Heinz Wolff, 81, is the world's first bio-engineer and the founder of the Institute of Bio-engineering at Brunel University. His television and radio work includes The Great Egg Race on BBC2. He has launched "Britain's Bright Ideas", the npower competition for the best energy-saving inventions (www.npower.com/ brightideas) which ends on 30 June).
I was born in Berlin and can remember at four years old standing in our fourth-floor flat and seeing the torchlit parade of Hitler's Brownshirts. Jews were not allowed into state – that is, non-Jewish – schools and in I went to the Jüdische (Jewish) Waldschule Grunewald school. It was a highly civilised school and I jumped up a form. I didn't do science at school before I was 11 but my father still had his boyhood laboratory set and on Sunday afternoons we would do chemistry. I still remember putting sugar into a test tube, crystalising it and making toffee.
I came to this country on 3 September 1939, the day war was declared, and went to a mixed prep school in London for eight months. I was classified as an enemy alien and was at school with people whose brothers and fathers were being killed by Germans – but at no stage was it ever held against me. I don't believe there is another country where this would have happened.
Then I went to an "elementary" school in Oxford until there was room for me at City of Oxford, a grammar school. It was very good for science and I was very happy. There was an enormous amount of ex-War Department equipment which schools could buy – £1-worth for a penny – and I persuaded my school to buy an "Aladdin's cave" of electronic components.
I had a place to study chemistry at an Oxford college but one morning I got a postcard saying, "As there are ex-Servicemen coming back, would you be prepared to postpone your place for a year?"
I got myself a place as a technician at the department of haematology at the Radcliffe Infirmary in Oxford under Robert MacFarlene, who discovered an anti-clotting substance called anti-haemophilic globulin, partly using samples of my blood. At the time there was a major problem with counting red blood cells. I thought of a relatively simple way of mechanising the blood count.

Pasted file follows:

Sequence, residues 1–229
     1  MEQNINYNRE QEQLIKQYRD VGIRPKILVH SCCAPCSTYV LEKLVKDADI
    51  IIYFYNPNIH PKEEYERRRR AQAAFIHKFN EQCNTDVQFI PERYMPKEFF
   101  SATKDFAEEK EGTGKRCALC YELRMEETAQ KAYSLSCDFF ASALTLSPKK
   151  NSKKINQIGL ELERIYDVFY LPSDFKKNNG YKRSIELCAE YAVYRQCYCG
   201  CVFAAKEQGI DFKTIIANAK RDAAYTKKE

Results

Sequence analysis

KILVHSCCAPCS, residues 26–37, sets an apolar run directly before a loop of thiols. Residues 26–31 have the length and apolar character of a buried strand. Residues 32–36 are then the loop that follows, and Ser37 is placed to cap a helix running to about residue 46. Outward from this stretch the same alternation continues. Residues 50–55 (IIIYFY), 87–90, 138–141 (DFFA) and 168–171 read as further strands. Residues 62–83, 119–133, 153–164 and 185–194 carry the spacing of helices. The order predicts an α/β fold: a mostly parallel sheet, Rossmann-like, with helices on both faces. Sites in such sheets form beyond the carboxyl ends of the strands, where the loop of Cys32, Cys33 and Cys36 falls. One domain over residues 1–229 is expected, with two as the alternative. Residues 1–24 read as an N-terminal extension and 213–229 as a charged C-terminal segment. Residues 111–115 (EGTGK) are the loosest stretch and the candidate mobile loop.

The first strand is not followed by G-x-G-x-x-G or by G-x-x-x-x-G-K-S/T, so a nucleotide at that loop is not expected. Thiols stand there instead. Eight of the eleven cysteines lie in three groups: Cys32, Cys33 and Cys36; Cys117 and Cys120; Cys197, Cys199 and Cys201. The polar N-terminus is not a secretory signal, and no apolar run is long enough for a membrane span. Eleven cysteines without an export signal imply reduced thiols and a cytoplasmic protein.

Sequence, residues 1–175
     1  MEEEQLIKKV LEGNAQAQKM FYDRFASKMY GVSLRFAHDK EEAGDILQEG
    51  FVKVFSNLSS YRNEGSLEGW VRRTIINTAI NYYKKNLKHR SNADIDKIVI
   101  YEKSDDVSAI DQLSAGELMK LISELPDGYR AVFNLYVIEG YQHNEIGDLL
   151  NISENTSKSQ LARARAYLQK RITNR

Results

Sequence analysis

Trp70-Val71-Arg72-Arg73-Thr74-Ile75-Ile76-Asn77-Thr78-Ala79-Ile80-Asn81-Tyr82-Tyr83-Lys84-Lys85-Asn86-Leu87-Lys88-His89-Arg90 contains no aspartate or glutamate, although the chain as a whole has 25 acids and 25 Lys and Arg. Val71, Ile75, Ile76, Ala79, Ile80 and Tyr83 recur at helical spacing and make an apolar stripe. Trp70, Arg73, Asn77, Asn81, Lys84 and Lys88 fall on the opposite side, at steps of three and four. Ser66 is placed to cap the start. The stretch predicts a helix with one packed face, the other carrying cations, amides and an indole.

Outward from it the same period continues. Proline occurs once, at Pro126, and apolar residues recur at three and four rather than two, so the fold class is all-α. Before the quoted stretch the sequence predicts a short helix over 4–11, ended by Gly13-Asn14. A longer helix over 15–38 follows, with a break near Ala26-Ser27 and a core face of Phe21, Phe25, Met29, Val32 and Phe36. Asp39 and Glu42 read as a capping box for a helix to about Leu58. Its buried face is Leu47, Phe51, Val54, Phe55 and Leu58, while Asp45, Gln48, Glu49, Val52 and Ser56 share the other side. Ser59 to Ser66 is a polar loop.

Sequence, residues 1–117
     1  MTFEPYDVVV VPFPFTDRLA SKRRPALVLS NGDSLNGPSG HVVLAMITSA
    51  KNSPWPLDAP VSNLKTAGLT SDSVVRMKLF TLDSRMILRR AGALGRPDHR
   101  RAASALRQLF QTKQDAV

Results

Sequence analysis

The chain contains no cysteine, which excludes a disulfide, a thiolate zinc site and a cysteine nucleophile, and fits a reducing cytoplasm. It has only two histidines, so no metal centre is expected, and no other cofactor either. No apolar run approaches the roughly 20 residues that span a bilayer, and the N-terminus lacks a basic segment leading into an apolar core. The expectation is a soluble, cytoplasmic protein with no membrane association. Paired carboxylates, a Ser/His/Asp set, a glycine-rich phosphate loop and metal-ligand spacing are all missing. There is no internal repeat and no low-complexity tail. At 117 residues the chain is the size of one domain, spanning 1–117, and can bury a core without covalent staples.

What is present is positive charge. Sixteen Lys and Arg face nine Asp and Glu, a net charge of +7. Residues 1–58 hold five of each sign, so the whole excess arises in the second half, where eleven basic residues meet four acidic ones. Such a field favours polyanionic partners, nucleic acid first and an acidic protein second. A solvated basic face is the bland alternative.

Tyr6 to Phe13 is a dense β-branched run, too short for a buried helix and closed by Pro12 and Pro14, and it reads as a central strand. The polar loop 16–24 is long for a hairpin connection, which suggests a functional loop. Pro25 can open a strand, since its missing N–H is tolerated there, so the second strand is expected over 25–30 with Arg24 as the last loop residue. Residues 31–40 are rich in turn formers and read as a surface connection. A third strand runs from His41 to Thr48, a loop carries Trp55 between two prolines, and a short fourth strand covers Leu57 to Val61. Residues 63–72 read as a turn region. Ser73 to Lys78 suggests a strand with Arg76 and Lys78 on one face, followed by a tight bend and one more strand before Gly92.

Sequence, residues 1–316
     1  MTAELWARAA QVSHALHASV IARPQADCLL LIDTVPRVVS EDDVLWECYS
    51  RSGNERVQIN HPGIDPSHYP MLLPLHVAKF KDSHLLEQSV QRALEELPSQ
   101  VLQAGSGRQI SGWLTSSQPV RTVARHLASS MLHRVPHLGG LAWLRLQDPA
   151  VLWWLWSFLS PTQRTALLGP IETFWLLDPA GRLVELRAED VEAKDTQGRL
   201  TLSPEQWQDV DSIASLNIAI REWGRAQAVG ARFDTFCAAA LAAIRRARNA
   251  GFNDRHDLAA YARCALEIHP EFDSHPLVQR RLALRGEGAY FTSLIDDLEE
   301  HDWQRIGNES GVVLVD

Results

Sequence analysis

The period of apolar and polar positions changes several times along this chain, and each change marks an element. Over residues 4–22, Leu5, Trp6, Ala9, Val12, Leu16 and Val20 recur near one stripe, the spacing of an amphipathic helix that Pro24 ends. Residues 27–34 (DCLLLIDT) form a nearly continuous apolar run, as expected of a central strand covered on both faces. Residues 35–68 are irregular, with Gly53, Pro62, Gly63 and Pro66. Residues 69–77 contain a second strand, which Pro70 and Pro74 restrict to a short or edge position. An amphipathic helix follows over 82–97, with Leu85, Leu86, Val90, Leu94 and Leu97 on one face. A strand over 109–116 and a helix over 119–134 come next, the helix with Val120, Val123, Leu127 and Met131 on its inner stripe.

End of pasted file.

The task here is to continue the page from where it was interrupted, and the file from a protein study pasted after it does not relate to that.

The Medical Research Council had a problem with ways of estimating the dust exposure of men working in mines and I was given a job to work on this. I ended up at University College London and read physiology. In my first summer vacation I worked at King's College, London with the losing team in the race for the Double Helix [the structure of DNA was discovered by Cambridge's Watson and Crick].
In my second vacation I worked at the National Institute for Medical Research and devised a machine which measured how much energy an individual uses. I got a First. In my Finals I was able to quote my own publications. Old engineers and scientists become philosophers. My motivation is: wanting Britain to be as self-sufficient as possible. I have launched npower's competition for people with good ideas on energy conservation. One of the things I would suggest is heated underwear – and I have made such a thing.
My wife knitted underwear out of flexible wire to measure skin temperature; sending a current through it instead would heat the skin. In a store you would ask for a 10-ohm shirt rather than one with a size 16 collar. Also, I was cooking eggs earlier today in a demonstration using some of my energy-saving equipment. Two pages of The Independent give the energy for a nicely soft-boiled egg.